When an NAACP leader named Rachel Dolezal was accused in 2015 of being a white woman who had lied about her race, she was widely condemned within the black community she called home.

Dolezal had hijacked a racial identity, some said. “I see blackface,” a law professor wrote in The Washington Post — rejecting Dolezal’s insistence that she was in fact “transracial.”

Now Dolezal is giving interviews to promote her new book, insisting she is a transracial woman in a white body, and stirring new kinds of outrage in the transgender community.

In an interview with Salon last week, Dolezal compared herself to Caitlyn Jenner — an Olympic athlete turned transgender icon.

“There was a time when we did call transgender, or even gay and bisexual, people crazy,” she said.

“That still perpetuates, to a degree, but there’s more acceptance for gender fluidity than there is race fluidity right now.”

Everyone would agree with this statement, Dolezal said. Everyone did not.

“To a degree?” transgender writer Gabrielle M.W. Bychowski said on Facebook. “Yes, to a degree that it enrages me that you attempt to minimize the currently very active violence against the trans community as a way to elevate yourself.”

“Never mind the fact that gay conversion therapy camps still exist and transgender people are abused and murdered for existing,” the Daily Dot observed. “According to Dolezal, that ship in history has sailed.”

And her comparison sailed across the Internet.

Last month, several members of Congress called for a federal hate crime investigation of a string of transgender killings. Advocates have long complained of routine violence and bigotry against the community.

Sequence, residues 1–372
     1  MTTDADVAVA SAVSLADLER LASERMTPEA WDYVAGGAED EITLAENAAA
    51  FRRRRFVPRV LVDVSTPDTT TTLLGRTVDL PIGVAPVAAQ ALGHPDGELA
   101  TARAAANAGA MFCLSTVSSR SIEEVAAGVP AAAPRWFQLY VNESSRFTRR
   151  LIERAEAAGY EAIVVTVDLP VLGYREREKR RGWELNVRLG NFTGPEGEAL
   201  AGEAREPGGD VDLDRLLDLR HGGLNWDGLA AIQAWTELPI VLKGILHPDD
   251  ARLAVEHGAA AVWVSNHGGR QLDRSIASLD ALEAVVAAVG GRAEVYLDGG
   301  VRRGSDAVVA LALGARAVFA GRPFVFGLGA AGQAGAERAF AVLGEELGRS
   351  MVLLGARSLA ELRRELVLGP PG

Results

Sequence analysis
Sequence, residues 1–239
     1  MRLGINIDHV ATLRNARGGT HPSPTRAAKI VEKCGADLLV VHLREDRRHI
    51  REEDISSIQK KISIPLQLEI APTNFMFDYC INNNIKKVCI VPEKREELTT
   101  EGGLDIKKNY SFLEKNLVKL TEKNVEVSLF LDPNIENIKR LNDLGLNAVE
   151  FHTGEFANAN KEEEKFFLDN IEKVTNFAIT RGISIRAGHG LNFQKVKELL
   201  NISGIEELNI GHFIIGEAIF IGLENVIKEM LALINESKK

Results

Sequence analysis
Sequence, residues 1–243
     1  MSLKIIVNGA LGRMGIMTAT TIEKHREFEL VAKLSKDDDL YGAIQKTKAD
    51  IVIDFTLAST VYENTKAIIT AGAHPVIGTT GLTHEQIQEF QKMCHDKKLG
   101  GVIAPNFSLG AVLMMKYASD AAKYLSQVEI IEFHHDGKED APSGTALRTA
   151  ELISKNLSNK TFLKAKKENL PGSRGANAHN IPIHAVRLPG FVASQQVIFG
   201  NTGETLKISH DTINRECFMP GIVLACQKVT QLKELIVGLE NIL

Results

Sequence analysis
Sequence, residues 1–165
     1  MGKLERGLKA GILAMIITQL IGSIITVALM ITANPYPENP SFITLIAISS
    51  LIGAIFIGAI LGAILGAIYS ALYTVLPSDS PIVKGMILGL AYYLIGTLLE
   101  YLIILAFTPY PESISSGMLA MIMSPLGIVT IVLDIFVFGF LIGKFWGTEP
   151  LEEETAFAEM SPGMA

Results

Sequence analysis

While anger among black people dominated early coverage of Dolezal’s scandal in 2015, some were disturbed even then by her idea of racial fluidity.

‘Most people who are transgender, as early as 4 or 5, believe already that at some level that they are a child born with the wrong anatomy,’” psychologist Derald Wing Sue told People in 2015, in the wake of the scandal.

In a BBC Newsnight interview last week, Dolezal acknowledged she was raised as a white girl by white parents. But she echoed a theme in the childhoods of many transgender people:

“I had to constantly mask and subordinate and repress part of myself to kind of, survive, socially,” she said. “If somebody saw me as black or mixed or light skinned, it was more comfortable because it was a box I could be put in.”

It wasn’t clear in the interview if Dolezal still called herself black, exactly.

“The idea of race is a lie,” she said at one point. She called it a “social construction in America” elsewhere.

“I stand on the black side” of that social construct, she said.

But later: “We don’t have a choice in how we are born and who we are … and this is truly who I am.”

Whoever she is, Dolezal told the BBC she is “extremely stigmatized and ostracized.”

Even more than transgender people, she said in the subsequent Salon interview, in which she also acknowledged that her ideas are not widely accepted.

“Maybe we will evolve and grow and racial fluidity will become a thing in 20 years?” she said. “I don’t know.”

The parents of Rachel Dolezal say they don’t know what caused their biological daughter to call herself African American. (The Washington Post)

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